Only a small amount of people know that my real name is Rolihlahla. Mostly, I am recognised as Nelson Mandela. When I started school at age 7, my teacher changed my name to Nelson. We weren't allowed to keep our African names because of the British bias of our education. I didn't just lose a name, I lost a part of myself, of my identity. The whites either couldn't or refused to pronounce our real names. To them, African culture did not exist. At school, the government spent approximately 6 times as much on a white student as they did on an African student. To the Nationalists, the African was biologically ignorant and lazy and no amount of education could fix that.
When I was a boy, I rarely ever came across a white man. To me, the whites were as grand as gods, and I was aware that they were to be treated with a mixture of fear and respect. My admiration for whites slightly faltered when my father got into an argument with a magistrate and lost his job. I was confused and I thought it was all some sort of mistake. How could these noble, respected gentlemen take away a man's job? His only form of income...His life? I did not encounter discrimination when I was young, probably because of two main reasons:
1) My connection to the Royal Family
2) I lived in a remote area where whites were uncommon.
At that time, I had almost nothing to do with white people. However, when I was about ten years old, I started hearing stories the elders told about how white people had destroyed the fellowship of their tribes and told them that their real chief was the Great White Queen across the ocean. This Great White Queen brought nothing but misery and treachery to the black people. These stories made me feel angry and cheated, as though I had been robbed of my own birthright.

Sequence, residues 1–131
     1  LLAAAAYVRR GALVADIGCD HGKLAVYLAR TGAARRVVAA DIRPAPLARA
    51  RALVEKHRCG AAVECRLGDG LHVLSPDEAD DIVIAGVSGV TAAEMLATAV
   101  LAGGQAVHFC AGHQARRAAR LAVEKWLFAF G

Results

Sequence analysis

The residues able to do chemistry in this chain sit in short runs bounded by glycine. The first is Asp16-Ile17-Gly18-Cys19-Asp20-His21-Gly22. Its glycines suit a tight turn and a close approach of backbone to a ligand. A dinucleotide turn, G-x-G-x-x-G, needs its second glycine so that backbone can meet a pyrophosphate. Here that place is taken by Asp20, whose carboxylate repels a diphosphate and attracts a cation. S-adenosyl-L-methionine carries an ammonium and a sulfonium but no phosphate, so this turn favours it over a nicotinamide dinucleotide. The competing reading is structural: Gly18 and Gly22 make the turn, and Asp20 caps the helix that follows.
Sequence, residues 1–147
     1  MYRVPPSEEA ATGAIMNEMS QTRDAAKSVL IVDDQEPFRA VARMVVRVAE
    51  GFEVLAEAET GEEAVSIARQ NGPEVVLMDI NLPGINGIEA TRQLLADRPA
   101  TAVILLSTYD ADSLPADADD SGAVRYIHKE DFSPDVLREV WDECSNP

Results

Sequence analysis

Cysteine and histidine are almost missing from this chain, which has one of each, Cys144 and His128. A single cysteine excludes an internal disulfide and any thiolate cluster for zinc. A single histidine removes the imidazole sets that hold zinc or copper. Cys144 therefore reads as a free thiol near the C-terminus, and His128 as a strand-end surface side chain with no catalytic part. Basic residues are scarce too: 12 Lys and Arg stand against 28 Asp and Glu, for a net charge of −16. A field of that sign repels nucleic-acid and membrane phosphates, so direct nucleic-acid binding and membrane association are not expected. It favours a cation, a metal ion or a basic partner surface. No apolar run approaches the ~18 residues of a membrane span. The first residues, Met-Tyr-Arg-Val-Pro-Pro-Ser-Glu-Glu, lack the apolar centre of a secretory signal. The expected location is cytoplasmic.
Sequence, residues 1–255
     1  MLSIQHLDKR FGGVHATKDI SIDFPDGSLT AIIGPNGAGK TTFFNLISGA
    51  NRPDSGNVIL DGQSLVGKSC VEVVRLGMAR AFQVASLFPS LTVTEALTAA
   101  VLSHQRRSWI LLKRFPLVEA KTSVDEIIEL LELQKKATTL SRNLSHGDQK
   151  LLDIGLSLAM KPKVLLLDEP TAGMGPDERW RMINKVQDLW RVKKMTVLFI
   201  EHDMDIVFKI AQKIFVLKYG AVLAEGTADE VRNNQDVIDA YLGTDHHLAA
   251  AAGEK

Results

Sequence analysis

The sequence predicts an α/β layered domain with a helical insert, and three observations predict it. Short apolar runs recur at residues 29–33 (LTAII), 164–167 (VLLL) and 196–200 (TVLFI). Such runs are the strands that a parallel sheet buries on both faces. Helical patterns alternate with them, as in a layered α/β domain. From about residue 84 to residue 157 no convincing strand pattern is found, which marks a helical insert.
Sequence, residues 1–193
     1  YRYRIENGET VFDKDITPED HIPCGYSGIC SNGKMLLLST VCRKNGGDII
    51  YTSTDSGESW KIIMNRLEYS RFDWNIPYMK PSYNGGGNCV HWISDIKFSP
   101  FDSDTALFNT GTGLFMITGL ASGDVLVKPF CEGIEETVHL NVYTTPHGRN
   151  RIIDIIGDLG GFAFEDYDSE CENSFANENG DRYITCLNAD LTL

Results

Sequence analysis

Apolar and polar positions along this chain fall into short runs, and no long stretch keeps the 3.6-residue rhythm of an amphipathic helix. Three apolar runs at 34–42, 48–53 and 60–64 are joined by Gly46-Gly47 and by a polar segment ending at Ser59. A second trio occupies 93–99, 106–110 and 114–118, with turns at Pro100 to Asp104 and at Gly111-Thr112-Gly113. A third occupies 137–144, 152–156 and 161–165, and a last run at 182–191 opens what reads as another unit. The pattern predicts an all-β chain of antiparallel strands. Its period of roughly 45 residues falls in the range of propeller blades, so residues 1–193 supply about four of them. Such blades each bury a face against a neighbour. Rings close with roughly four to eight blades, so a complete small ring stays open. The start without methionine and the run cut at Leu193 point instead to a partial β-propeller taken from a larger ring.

After school, I experienced first hand the harsh reality of prejudice and discrimination in our society. It was then that I discovered the unfairness and inequity of our society. In my opinion, this was because the whites were narrow-minded with false preconceptions that they were happy to keep. Africans were in desperate need for legal help in government buildings; it was a crime to walk through a Whites Only door, to ride a Whites Only bus, to use a Whites Only beach, to use a Whites Only drinking fountain and to be on the streets after 11p.m. It was a crime to be unemployed, yet also a crime to be employed in the wrong place, a crime to live in certain places, yet also a crime to have no place to live. The black people could not win.
After Uni, a good friend, Oliver Tambo and I set up our own law firm. As a lawyer, every week we interviewed people and families who's lives were being devastated by the white people. Every week, we interviewed old women that had brewed...